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Review: "Lady Bird"

There is a sequence about halfway through Noah Baumbach's 2012 film Frances Ha where its heroine Frances (Greta Gerwig, who also co-wrote Frances Ha) makes a trip home to Sacramento, California from the east coast for the holidays. During this section we get the sense that Frances is quietly happy to be home but she also suffers a mute desperation while reliving the origins of her youth. For example, her mom rushes her while she seeks privacy in the bathroom, she's obliged to sit through church services with her family and an entertainment excursion involves some thrifty clothes shopping for deals. Coincidentally, all of these settings and sequences serve as showcases for Gerwig's directorial debut Lady Bird (which she wrote as well). It's no wonder that this new film begins with a quote from Joan Didion: “Anybody who talks about California hedonism has never spent a Christmas in Sacramento.”
Starring two-time Oscar nominee Saoirse Ronan in the title role (although her real name in the film is Christine McPherson), Lady Bird is essentially a prequel to Gerwig's character arc in Frances Ha. The setting is once again Sacramento, the date is the early 2000s and Christine a.k.a. "Lady Bird" is embarking on an event-filled senior year of high school. Lady Bird and her best friend Julie (the scene-stealing Beanie Feldstein) have their usual day-to-day highlights of brown bagged lunches and being each other's support system through the rigmarole (at least in their eyes) of what it means to survive the monotony of going to an all girls Catholic high school.

Back home, Lady Bird's parents are going through their own challenges. Her mother Marion (an Oscar-worthy Laurie Metcalf) works the graveyard shift at a mental hospital and is constantly spinning plates of worry and responsibility, while Lady Bird's father Larry (Tracy Letts, also good) recently lost his job and is imploding in his own way. Their oldest son and his girlfriend also live in the house, which only adds to the domestic melting pot under the sunny California skies.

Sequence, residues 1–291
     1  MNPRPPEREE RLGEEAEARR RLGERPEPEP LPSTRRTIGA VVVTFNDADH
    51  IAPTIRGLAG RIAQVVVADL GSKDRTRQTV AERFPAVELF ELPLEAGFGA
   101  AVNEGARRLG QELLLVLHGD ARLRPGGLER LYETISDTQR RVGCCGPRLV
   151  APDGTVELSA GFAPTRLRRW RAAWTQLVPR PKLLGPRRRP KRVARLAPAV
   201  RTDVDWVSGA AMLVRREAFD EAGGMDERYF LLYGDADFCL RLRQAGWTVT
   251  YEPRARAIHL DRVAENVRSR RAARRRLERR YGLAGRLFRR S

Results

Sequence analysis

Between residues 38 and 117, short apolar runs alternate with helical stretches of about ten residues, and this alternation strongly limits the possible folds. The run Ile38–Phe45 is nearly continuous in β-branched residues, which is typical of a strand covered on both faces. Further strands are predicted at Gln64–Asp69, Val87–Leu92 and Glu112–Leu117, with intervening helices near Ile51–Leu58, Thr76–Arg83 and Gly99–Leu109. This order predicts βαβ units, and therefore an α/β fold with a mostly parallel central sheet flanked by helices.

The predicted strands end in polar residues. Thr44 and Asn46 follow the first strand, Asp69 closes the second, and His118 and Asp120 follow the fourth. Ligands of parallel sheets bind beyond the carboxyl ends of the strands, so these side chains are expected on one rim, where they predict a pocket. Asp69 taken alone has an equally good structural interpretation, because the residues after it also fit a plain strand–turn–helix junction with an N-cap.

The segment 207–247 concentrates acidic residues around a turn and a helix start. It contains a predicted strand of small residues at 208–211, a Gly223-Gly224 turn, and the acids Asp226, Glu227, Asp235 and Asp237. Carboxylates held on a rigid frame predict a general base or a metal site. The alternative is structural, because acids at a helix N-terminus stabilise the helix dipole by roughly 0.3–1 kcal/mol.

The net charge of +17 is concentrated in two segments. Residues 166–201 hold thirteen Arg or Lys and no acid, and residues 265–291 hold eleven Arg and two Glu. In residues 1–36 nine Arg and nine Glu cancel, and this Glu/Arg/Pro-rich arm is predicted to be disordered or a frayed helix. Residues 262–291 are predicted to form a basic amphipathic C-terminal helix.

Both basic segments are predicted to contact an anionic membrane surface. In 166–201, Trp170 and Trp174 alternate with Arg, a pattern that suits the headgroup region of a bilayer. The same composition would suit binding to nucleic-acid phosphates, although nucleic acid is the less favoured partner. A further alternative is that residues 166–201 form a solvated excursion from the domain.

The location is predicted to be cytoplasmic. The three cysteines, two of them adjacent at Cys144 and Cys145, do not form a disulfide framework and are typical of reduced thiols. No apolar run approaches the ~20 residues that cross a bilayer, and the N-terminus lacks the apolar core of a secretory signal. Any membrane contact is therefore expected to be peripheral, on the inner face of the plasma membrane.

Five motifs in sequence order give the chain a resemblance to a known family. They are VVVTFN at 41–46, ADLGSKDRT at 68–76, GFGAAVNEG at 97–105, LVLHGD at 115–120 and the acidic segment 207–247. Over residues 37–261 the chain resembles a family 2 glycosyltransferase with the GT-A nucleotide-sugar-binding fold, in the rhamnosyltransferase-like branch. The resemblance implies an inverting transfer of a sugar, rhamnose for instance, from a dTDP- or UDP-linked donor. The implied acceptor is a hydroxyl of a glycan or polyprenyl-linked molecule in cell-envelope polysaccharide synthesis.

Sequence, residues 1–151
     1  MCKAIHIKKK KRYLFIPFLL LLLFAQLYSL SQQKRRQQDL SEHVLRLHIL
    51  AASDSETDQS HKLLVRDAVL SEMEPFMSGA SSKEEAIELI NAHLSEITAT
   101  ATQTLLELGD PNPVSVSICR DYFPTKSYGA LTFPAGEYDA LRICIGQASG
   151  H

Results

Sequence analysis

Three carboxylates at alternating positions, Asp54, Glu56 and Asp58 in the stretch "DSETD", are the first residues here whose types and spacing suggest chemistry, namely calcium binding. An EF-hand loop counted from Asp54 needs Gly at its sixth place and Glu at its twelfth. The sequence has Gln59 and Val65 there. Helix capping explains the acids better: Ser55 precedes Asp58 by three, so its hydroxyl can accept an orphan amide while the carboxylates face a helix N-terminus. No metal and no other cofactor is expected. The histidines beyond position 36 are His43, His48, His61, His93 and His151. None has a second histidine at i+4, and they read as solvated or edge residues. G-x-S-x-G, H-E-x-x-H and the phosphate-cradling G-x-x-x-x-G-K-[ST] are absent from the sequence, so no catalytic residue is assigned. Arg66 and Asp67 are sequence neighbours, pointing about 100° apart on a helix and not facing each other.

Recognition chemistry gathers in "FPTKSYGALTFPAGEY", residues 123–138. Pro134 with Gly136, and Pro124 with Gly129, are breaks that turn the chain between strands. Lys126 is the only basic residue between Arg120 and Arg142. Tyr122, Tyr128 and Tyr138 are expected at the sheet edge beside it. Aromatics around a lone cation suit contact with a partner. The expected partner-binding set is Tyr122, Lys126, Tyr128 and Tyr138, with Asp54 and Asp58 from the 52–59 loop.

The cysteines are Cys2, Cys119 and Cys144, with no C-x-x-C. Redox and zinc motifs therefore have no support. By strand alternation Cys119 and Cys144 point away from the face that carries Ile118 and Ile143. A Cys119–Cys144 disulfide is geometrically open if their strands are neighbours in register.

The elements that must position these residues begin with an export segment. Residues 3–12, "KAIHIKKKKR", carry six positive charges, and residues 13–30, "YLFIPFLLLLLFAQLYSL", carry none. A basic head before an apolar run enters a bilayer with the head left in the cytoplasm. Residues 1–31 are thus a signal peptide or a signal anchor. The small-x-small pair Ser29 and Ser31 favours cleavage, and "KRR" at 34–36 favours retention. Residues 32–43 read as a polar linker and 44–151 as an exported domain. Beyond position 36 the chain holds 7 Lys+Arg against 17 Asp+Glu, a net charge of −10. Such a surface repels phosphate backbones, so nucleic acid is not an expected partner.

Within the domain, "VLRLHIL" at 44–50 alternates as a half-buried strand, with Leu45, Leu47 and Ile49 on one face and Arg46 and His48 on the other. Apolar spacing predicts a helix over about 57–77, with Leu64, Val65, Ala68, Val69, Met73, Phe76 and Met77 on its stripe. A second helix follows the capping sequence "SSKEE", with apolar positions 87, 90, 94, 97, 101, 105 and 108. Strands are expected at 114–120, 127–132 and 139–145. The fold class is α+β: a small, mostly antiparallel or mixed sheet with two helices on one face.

If I have painted a film that sounds serious and daunting, then I apologize. The reality is that Gerwig has written and directed one of 2017's most enjoyable moviegoing experiences with Lady Bird. It's a small miracle of a film because it takes the tropes, soundtrack and offbeat humor we've seen in previous similar films (I'm looking at you Juno) but it actually adds real heartbreak and implicit revelations that are exquisitely captured. Miraculously, for all of its mildly dark and cynical humor this film is brimming with a lot of affection. You can feel Gerwig in each scene, going over the memory of her youth and then pressing into you a little too, for identifying with the chemistry of those moments.

With Laurie Metcalf's performance we have one of the great movie moms in recent cinema history. She's cold, blunt and sometimes cruel. But she also hurts and wants what's best for her daughter. The relationship that her and Lady Bird share will resonate with anyone who's ever held resentment for their parent for (possibly) holding them back. It's an exceptional set of performances from both Metcalf and Ronan and I get the feeling the two of them will be walking the red carpet at the Oscars, along with Gerwig who definitely deserves a Best Director nomination here.

And did I mention how funny this film is? I wouldn't dare spoil it for you but I will say that the high school football coach here scores the biggest laughs. In the end, Lady Bird hits you in the way the best movies do: leaving you hoping that the characters you've grown to love end up okay. I know I went home after my screening and queued up Frances Ha to have peace of mind.




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